Sunday, April 13, 2014
Digging In Franklin County: The Search For Mariah Hall Conaway
Growing up, I remember my conversations with my grandma Luella, my father's mother. As a teenager, I was already curious about my family history and wanted to know more. The day that she told me about her family, I quickly grabbed my yellow notebook and began writing as she talked. Grandma began to rattle off names of her parents, sisters and brothers..and then she began to talk about her grandmother.. Mariah. She said that her grandmother looked like a white woman and could have easily passed for that. Even though she looked white, she was made a slave. I still remember the tone in her voice that day, she said it like she was surprised, she just couldn't believe that she was a slave. I remember having the feeling that Grandma wanted me to know. I was 16 at the time and little did I know that this would be the last time that I spoke with my grandma Luella. I still have that yellow notebook, the one that I wrote in as she spoke to me. Over the years I have referred back to this notebook often, searching for clues to find the woman named Mariah.
I found that Mariah Hall Connaway, was born in or around Franklin county, Missouri in about 1839 to MYRA and Abraham HALL. She married Curry CONWAY around 1865. Together they had children; Joseph, Daniel, Maggie, Sarah, Frank, Louis, Benjamin, Barbara. I descend from Barbara who was grandma Luella's mother. I have found CONWAY spelled at least six different ways. I'm not sure what the original spelling was, perhaps Conway turned into Connaway, Connoway, etc. As a result of how the name sounded to the census taker. Mariah and Curry lived their life in Franklin county, Missouri with most of their family members. Looking into my father's family I found that their roots run deep in Missouri. My search for Mariah led me to find her mother MYRA HALL as well as some of Mariah's siblings; Rufus, Sedonia and Wesley Hall. Aunt Frankie, my father's sister, remembered Mariah, her mother Myra and Mariah's daughter, Barbara all being light skinned with long brown hair. Being that I've yet to find any photos of Mariah, Myra or Barbara, I really enjoyed hearing about what they looked like. Mariah died in 1928 and is buried in the Old City cemetery in Washington, Missouri along with her husband Curry and several other family members. Sadly, there are no headstones for any of them.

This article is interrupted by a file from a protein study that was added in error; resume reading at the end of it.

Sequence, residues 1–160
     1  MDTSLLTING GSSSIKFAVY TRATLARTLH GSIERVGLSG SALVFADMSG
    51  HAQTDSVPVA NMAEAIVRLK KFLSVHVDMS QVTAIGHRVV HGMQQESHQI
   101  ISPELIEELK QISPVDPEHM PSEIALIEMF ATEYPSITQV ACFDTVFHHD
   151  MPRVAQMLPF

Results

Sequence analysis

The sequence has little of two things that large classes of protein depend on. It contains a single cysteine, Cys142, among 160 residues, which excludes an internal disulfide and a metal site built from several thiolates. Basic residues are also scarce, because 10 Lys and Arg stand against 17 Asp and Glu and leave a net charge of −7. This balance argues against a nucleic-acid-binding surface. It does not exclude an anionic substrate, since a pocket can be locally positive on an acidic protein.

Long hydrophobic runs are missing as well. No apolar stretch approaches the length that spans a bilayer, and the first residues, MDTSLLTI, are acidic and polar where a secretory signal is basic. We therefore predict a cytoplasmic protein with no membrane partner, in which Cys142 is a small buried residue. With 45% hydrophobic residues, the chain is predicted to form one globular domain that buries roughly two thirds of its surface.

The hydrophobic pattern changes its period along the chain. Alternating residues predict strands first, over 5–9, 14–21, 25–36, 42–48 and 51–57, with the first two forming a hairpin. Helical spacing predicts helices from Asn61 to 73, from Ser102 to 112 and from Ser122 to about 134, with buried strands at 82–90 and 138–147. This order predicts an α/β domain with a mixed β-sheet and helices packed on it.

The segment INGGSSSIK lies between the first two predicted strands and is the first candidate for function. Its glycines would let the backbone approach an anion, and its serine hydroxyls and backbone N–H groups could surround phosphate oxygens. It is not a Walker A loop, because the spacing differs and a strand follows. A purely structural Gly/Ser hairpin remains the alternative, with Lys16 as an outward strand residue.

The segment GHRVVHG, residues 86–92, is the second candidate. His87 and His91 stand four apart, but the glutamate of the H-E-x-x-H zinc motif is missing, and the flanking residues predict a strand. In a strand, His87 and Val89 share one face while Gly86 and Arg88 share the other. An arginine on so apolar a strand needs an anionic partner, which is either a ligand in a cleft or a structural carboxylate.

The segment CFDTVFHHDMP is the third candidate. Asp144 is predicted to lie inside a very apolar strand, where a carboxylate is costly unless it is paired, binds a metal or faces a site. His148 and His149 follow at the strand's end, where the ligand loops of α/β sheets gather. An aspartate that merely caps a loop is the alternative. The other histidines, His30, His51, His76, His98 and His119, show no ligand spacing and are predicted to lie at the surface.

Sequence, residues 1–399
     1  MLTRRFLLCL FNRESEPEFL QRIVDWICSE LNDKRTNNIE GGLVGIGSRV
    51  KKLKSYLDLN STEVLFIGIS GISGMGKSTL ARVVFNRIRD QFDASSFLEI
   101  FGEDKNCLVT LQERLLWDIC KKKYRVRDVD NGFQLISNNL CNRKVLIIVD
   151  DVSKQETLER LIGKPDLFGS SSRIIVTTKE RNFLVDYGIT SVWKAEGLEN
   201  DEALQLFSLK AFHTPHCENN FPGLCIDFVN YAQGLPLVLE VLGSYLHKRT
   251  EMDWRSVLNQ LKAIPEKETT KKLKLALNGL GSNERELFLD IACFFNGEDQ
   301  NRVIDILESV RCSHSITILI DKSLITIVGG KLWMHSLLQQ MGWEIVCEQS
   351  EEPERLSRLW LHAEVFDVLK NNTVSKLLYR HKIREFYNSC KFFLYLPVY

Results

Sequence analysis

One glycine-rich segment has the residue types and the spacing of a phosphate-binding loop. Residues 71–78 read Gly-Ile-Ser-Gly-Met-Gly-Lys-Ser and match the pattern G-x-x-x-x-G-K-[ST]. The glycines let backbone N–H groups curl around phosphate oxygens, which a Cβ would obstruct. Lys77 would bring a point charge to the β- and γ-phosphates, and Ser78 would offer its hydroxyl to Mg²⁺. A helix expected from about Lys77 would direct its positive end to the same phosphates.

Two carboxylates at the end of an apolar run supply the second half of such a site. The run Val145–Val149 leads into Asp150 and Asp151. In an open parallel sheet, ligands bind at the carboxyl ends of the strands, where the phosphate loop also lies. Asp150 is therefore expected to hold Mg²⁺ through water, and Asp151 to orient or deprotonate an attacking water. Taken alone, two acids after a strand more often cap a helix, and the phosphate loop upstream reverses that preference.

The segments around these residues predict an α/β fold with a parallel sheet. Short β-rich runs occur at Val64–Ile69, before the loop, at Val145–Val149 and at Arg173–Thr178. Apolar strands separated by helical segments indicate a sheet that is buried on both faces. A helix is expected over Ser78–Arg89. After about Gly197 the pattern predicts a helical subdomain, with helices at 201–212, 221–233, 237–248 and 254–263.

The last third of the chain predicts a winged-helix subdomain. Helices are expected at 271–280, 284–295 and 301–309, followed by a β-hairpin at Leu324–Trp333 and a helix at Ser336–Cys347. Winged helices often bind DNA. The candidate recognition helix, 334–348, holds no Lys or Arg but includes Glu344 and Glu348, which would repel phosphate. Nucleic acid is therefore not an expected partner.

Researching slave ancestry has been challenging to say the least. Spending hours searching slave documents trying to find ancestors is painful. Although I have yet to find the owners of Mariah and her mother Myra, I have not given up the search. The ancestors are calling, and they have a story to tell.
© 2014 Denise Muhammad
Sources: Interviews with Luella Pryor
and Frankie Taylor